Posted by Mary D'Alba on Wednesday, January 4, 2012 Under: Articles
We've all heard the term "Burning Bridges". When I happen to think of it, I think of a long wooden bridge between two cliffs that goes up in a huge dramatic puff of smoke. When the smoke clears, the two people on either side can finally see each other. It's a clear sign something is over because there is no way to cross to each other anymore. The bridge and the relationship has burned to a crisp.~Copyright 2012, Mary D'Alba (Spiritualitygirl)~
I happened to be talking to someone the other day and instead of saying "burning the bridge" I said "breaking the bridge". It was an interesting play of words and made me think about how we have broken bridges (or hurts in relationships) between us that need repair. Relationships can be love, family, friends, co-workers - anyone that we can have a bond with - that's a lot of bridges!
Imagine a wooden bridge that has been through weather and the harsh elements. Pieces are weak and falling, chunks of wood are missing here and there, it's shaky and really scary to cross. With a little care and caution, the bridge can be crossed but for how much longer? What happens if we do nothing to fix it and it's no longer passable?
There are times we would risk our lives to cross that bridge. The love and care we have for that person is greater than the idea we are going to fall. It could be that we tell someone we love them or we do something for them to have or feel better. In that situation, this builds the bridge up and makes it stronger.
However, there could be actions over a period of time that cause hurts, sadness, mistrust or other barriers that create holes in that bridge. The closeness between two people starts to deteriorate. The journey to the other side becomes harder and harder. We may decide the risk isn't worth it or we aren't willing to cross to the other side as much. This could be communication breakdowns, no willingness to spend as much time together, doubt, fear and sadness. The heart starts to protect itself and the bridge to each other starts to fall apart. The journey to the other side becomes harder and harder because the risk to fall or injure ourselves and our hearts is too great. The gaps get too big.
Even trying to repair the bridge can be damaging it. Both sides want the other to fix the hurts. "Why can't you just come over here and fix this?" can be replied with "It's closer to you - why don't you just fix it?" This can be symbolic of someone saying they are sorry and the other person not accepting it. No matter how they fix it, the repair never holds long enough. It turns into a battle of wills - who is right? Who is going to fix it all? That person caused it, they should fix it all, right?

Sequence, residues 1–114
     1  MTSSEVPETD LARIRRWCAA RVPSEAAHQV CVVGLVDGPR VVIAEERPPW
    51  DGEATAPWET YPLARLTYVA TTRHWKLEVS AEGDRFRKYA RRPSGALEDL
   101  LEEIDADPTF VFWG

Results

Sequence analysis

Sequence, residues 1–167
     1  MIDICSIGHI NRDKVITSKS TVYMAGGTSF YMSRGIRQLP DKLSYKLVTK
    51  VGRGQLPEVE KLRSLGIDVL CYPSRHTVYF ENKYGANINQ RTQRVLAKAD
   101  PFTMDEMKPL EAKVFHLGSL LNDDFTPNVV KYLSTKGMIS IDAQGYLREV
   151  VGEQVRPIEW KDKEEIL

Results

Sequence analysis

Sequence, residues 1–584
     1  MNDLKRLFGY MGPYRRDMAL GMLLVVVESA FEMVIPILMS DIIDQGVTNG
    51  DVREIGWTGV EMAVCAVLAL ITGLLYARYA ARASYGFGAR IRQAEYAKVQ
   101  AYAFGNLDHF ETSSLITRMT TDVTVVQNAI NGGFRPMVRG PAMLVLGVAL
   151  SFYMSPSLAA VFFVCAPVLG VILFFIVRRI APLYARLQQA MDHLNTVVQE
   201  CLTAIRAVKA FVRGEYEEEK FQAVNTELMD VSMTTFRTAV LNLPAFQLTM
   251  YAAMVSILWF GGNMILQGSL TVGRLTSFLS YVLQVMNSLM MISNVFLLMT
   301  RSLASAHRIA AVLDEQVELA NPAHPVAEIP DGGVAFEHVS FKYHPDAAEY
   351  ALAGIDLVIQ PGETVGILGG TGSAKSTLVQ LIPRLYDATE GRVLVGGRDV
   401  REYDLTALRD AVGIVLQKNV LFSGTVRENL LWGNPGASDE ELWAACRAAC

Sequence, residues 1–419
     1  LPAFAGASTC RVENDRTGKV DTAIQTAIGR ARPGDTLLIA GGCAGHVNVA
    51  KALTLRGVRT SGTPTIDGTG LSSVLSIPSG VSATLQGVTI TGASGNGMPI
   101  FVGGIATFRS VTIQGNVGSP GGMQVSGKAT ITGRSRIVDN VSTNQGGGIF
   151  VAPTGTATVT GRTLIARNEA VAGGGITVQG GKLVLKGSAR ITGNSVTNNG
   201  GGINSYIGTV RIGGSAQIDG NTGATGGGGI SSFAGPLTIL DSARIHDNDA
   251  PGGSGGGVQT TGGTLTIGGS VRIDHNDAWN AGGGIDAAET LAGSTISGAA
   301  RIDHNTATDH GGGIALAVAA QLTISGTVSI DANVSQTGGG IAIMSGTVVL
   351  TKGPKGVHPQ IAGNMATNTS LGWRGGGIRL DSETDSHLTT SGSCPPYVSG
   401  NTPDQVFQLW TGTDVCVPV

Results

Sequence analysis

There have been times in past relationships where I wouldn't even meet someone close to the middle. I was on my side and I wasn't going to say I was sorry or repair the damage I had done. Or, I received a "sorry" and wouldn't accept it. If I worked on building the relationship back up, then our structure could have become stronger. But I wasn't willing to do it. My thought was "Why make it any stronger? Who said I was going to cross over again anyway?"
If a bridge isn't burnt, it's still there. It still can be fixed or it can be burnt to a crisp. We have a choice.
The reminder of what is there, the tattered remains, is staring you in the face. Crossing seems to be getting scarier and scarier. The point of no return is coming closer so we have two choices - fix it or burn it.
So if you have a broken bridge, you can fix it by taking small steps to fix it inch by inch. Healing those wounds can be reinforcing the bridge with love, caring, kind words, attention and hope as you make your way over to the other side. At that point, it doesn't matter who makes the repairs or how much each person has done as long as it is made stronger so you can reach each other easier.
It doesn't matter how long it takes or how you do it, as long as you're bringing it back to strength and support, it will then reward you in kind by being a unshakable bond.
Remember, once you burn a bridge, you have to start from scratch to rebuild. Establishing that bond with that person again becomes much harder. The baggage of the old bridge, the old relationship, hinders the building of the new one. It is more laborious and time consuming. While this may be completely worth it, why not repair what's already there instead of starting from scratch?
Some relationships and situations need a match and no more visits to each other but some relationships just need a little extra attention and TLC. Once you do that, no weather or elements can take that bridge or your relationship down.
Look at the bridges in your life - do they need some repair? You may be surprised at how much stronger your relationships are with a little extra attention to that bridge between the two of you. It then becomes a pleasure to cross, not a death defying journey.
In : Articles
Tags: relationships "broken heart" hurt happiness love joy work "mary d'alba" spiritualitygirl spiritual spirituality
blog comments powered by Disqus